“Unless a grain of wheat falls into the earth and dies, it remains alone; but if it dies, it bears much fruit.” – John 12:24
“The last enemy to be destroyed is death...Death is swallowed up in victory.” – 1 Corinthians 15:26, 54
"The greater the sin, the greater the mercy, the deeper the death and the brighter the rebirth.” - C. S. Lewis
"This story...has the very taste of primary truth." - J. R. R. Tolkien

Sunday, April 19, 2009

Conclusion: The Best of All Possible Stories

My conclusion, then (which I also stated in “Jonathan Edwards on the Two “Wills” of God”), is that despite evil’s temporary existence, this is the best of all logically possible realities,* and the Story told by means of evil the brightest of all possible revelations of God – the best of all possible stories that God could write into existence. Indeed, with a God who is totally knowing, can do anything he wants, does all things for a purpose, and has a standard of what is good and right, we can be certain he will create the best of all possible worlds and write the Story that functions to express his character most fully, thus bringing back to him (who alone is worthy) all the glory and honor and bringing the greatest joy to creatures.

The curious thing about this best of all possible worlds, which will, in the end, shine God’s light most brightly and be marked with his ways most perfectly, is that God accomplished it by withholding his full power and light and allowing freedom for man to take a path away from him. C. S. Lewis compares the “giving” of free will to death and resurrection (“the very pattern of reality”), describing it as “a deathlike or descending movement” (Miracles, ch. 14). Paradoxically, a God who is inclined to pour his goodness and wisdom into creation (in this respect, Jonathan Edwards compares God to a fountain) did so precisely by initially holding back that divine light. Perhaps it was not only at the cross (although here supremely), but throughout the entire history of his creation, during which God gifted his creatures with freedom of choice, that God experienced a “death” of some sort – the “death” of letting all creation run its own course, a ruinous course away from him. The coming final joy and revelation of God might then be described as a resurrection of sorts on the scale of all reality. The whole world – all of reality – is raised up again to new life.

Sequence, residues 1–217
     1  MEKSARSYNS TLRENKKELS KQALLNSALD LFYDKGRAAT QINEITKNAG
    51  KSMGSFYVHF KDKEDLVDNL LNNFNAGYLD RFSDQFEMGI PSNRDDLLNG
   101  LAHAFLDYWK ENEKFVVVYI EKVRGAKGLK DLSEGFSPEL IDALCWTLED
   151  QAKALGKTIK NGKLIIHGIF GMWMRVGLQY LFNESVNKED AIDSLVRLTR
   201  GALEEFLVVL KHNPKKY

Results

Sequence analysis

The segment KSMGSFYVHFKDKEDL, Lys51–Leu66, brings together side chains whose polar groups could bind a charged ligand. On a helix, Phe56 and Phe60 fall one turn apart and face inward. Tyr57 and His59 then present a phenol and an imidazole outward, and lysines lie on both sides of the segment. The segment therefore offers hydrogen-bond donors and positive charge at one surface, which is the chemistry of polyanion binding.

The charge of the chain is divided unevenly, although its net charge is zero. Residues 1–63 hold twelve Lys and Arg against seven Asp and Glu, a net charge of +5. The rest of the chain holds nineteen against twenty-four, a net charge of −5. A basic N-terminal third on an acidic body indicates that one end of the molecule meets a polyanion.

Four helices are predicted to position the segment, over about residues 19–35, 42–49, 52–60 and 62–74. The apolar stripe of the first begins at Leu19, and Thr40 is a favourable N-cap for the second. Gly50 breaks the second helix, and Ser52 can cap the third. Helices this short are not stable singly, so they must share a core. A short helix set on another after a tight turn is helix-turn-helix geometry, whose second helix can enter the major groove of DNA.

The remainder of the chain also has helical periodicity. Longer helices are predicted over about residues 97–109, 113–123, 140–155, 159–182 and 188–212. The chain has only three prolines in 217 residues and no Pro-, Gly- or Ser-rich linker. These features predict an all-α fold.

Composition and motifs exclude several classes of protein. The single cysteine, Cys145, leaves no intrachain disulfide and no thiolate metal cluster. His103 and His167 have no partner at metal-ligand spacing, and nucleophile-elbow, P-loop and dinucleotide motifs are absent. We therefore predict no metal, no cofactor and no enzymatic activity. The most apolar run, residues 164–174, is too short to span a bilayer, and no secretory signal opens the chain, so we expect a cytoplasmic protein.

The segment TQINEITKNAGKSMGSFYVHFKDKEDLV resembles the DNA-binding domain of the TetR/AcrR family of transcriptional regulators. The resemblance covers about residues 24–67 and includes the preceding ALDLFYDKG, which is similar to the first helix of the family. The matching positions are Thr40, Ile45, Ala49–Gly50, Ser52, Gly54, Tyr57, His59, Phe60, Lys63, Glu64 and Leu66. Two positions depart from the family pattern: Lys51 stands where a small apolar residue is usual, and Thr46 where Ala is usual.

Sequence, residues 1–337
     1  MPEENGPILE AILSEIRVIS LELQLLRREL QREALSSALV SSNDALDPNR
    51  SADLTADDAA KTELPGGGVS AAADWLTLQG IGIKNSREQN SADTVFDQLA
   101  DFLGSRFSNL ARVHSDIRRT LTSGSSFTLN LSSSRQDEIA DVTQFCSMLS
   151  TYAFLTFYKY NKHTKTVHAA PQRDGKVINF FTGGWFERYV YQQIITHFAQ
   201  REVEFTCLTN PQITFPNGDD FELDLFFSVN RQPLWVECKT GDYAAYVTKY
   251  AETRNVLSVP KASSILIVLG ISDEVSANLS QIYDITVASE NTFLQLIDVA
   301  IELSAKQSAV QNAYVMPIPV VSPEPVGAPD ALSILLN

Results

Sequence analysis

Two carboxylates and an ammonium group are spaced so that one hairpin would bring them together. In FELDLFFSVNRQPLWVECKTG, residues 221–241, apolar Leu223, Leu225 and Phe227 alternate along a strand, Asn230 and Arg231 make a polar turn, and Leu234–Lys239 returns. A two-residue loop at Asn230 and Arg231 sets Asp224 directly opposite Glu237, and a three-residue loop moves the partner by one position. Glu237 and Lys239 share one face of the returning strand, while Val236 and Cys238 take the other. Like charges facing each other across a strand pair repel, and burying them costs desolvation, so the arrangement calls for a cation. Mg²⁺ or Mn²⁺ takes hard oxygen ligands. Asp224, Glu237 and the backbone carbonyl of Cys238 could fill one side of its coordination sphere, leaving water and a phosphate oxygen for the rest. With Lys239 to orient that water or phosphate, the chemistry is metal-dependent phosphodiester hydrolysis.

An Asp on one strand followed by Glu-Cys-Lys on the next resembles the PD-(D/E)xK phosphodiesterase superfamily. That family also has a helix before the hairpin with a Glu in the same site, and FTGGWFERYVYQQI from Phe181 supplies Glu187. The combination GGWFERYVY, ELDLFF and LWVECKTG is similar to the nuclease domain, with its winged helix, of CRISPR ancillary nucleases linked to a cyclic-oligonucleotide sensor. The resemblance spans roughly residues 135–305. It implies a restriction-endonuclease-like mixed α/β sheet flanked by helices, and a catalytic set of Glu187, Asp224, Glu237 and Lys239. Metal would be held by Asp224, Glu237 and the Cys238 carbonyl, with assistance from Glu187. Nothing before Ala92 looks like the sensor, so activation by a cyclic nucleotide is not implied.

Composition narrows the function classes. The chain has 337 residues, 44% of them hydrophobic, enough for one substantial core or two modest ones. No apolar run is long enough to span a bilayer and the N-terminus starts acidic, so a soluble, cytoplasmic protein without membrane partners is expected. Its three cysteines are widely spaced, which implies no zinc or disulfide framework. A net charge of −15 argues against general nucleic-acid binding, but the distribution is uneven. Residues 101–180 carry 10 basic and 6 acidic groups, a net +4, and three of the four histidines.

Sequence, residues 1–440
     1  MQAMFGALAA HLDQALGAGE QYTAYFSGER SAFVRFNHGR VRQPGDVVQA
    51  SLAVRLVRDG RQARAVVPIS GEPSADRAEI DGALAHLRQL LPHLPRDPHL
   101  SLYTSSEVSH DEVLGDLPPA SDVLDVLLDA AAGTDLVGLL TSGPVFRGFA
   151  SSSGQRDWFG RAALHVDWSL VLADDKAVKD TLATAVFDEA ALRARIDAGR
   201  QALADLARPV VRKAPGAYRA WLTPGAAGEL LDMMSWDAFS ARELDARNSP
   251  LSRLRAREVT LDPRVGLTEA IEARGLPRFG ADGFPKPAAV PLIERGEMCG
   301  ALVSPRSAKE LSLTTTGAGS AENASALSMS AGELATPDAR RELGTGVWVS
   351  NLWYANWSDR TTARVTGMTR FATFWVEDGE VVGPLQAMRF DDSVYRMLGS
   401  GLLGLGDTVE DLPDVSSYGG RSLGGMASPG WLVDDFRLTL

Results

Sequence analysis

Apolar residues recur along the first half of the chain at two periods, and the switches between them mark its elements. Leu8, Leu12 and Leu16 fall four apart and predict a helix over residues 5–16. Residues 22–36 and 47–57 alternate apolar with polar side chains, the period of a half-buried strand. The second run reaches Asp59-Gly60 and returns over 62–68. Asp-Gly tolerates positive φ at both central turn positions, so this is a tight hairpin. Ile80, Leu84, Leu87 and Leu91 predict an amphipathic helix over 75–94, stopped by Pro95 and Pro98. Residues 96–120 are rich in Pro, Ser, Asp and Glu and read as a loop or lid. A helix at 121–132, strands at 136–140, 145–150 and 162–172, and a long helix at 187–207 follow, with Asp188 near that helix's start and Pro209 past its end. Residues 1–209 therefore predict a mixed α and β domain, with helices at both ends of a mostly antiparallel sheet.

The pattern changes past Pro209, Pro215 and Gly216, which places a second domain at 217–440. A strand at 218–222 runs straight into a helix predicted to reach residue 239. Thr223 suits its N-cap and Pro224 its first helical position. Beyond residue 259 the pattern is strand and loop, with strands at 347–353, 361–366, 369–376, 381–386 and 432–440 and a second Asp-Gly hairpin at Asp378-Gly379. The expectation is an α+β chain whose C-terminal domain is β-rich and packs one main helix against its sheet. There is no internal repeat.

*One might object that the best of all possible worlds demands that God relinquish his power in giving free will, and that consequently the result may not be the absolute best possible. This is a fair objection, but I think we have to recognize that God, the maker of the universe, would be wise enough to find a way to integrate all free choices towards his purposes. And indeed, since he foreknew all that would happen, there is no room for any freely made creature choice to escape his purpose in perfecting reality. Free choices made by creatures cannot mar God’s Story or dim his revealed glory.

One might also object that there is no best possible reality – either there are multiple equally good possible realities, or there is, for every possible reality, a better possible reality (an infinite number of possible realities), and thus no “best” possible reality. The latter seems to conflict with God’s nature. If God is inclined towards “better” realities, it would seem to be a restriction on his creative power if no reality could be created that was not far inferior to other possible realities. Rather, one would expect the potentiality for a truly “best” world would seem to be inherent in the character of the God who prefers “better” worlds.

Perhaps it is possible that there are multiple equally good possible realities; indeed, this idea fits well with the free will of creatures discussed above. Free creature choices, not predetermined by God, would affect reality – the course of history is not fully set by God. One would expect, though, that a God of infinite power and wisdom would be able to integrate free choices into reality in order to prevent a less perfect reality. Creature choices may alter the course of events in small ways, but God, foreknowing everything, would have no difficulty planning things out so that history was completed in the same way and the same Story was told – the story of the victory of God, centered on the cross.

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